So, in summary, I think we can sometimes help the process along if we first get Senior Management to establish adjusted business targets for operations during crisis before asking middle management how long they can be down; and, I think we could do a better job challenging some of the answers we get back to our, sometimes, ambiguous questions. 

Okay, there you go, now let me have it and tell me why I’m wrong.

Office of Disaster Assistance

Here is one more number to include in your Business Continuity, Emergency Response and Disaster Recovery directory: (202) 205-6734.  This is the number for the Office of Disaster Assistance under the US Small Business Association (SBA).  And, despite being administered by the SBA it is available for “businesses of all sizes” according to the Mission Statement included on its website.

If you are not aware of this organization and the things they can do, I urge you to go visit their website.  Check out the page of Current Disaster Declarations to review the events that they provide assistance for.  You might also find some ideas where they could add value to your program by going to their Emergency Preparedness and Disaster Assistance page.

I know many organizations have well developed plans to mitigate losses from disasters; many of you have insurance policies which include loss of business clauses; and, many larger companies have self-insurance reserves to cover losses that may stem from a disaster – but, there still might be circumstances where the Office of Disaster Assistance could be of value.  Anyway, what does it hurt to check them out?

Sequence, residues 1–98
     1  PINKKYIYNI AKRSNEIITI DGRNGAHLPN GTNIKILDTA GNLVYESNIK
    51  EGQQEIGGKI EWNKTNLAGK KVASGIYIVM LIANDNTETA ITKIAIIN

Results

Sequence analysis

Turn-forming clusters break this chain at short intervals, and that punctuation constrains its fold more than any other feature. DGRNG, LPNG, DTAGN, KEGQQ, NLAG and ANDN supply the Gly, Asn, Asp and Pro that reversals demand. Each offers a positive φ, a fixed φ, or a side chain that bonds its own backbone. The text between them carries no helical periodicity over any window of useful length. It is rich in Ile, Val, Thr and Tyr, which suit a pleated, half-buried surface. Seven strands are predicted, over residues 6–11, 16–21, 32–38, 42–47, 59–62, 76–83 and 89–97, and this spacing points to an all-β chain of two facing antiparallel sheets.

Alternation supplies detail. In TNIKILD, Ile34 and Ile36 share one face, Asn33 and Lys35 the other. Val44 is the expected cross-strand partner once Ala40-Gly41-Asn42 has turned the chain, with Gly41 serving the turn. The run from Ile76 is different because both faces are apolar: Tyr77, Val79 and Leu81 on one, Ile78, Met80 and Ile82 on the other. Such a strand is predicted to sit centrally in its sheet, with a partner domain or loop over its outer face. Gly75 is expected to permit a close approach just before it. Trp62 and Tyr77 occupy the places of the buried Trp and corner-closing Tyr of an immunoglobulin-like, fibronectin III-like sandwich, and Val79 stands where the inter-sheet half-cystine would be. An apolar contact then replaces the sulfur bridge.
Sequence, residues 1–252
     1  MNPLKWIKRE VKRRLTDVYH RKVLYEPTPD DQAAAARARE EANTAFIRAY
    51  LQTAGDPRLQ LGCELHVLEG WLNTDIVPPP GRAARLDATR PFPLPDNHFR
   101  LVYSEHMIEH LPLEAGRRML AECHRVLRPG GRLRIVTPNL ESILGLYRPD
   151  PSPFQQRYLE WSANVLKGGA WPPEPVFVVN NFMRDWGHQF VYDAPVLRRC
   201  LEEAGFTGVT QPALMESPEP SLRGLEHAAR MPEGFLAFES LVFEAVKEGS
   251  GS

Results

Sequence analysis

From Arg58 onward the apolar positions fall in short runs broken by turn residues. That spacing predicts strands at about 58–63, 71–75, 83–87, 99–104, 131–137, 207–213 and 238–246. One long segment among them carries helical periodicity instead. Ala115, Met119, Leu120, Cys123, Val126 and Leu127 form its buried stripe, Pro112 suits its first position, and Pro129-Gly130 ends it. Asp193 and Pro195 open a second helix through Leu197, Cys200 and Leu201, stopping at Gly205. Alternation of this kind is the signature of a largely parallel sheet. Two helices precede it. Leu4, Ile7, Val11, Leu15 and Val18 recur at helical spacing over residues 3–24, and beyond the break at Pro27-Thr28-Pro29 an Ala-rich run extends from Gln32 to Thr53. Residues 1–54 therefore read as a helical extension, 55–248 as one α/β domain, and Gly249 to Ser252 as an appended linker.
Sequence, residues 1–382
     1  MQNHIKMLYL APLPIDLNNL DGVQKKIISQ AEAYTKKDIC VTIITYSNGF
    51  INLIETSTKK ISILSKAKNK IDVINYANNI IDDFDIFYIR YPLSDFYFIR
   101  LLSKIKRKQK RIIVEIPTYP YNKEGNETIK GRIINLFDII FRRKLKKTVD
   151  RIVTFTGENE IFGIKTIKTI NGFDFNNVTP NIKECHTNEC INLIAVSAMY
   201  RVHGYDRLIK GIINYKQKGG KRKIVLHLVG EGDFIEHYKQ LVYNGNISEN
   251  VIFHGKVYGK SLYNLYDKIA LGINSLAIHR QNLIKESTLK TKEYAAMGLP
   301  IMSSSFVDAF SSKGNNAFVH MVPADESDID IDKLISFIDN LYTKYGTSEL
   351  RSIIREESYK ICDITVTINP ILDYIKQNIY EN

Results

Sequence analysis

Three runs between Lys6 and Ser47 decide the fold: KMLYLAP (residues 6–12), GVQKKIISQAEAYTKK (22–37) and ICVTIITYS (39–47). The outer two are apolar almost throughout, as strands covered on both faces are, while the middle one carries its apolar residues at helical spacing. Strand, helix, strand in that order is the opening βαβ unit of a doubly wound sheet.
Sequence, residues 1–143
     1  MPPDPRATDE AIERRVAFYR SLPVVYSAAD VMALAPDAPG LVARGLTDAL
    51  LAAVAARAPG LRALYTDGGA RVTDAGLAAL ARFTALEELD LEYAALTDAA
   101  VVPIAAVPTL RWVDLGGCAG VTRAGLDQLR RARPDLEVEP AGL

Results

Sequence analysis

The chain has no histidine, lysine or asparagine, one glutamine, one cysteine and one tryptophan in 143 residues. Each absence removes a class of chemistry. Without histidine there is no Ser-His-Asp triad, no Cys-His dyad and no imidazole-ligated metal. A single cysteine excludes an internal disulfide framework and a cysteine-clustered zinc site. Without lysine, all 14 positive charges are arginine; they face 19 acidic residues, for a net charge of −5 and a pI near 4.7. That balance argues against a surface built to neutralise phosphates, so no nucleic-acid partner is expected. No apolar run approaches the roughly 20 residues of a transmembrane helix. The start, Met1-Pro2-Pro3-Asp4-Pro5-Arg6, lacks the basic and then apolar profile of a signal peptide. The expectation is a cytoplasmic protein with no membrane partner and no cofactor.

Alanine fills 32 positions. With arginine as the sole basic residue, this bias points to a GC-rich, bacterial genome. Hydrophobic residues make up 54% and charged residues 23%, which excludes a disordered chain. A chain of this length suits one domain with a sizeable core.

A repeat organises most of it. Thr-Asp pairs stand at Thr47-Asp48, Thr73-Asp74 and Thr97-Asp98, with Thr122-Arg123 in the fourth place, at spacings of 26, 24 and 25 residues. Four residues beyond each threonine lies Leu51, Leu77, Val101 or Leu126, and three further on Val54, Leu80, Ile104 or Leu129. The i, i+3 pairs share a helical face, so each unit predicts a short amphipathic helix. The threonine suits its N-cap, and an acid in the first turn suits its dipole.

After all, it’s just one more number to add to your directory of resources that could provide assistance; you don’t have to commit to calling it if you don’t need them.

A Call for Ideas and Topics

I am doing the best I can to keep this blog fresh, relevant, timely and topical.  I am glad to say that the blog tools I use indicate that we are getting a relatively good amount of traffic to this page every day.  I am also glad to see that a few of you have added this page to your facebook “likes” – I am a statistics nut and I love watching numbers grow over time.  Hopefully, one day, we will see 3 digits or more in our fan counts.

If there are any topics in particular you would like to see us tackle on this page, please let me know by adding a comment to this post.  Anything is fair game; inside or outside the box of business continuity, disaster recovery, crisis management, emergency response or whatever tag we wish to apply to our field.  I can even be enticed to discuss other topics as well, but advice to the lovelorn is probably something I should stay away from.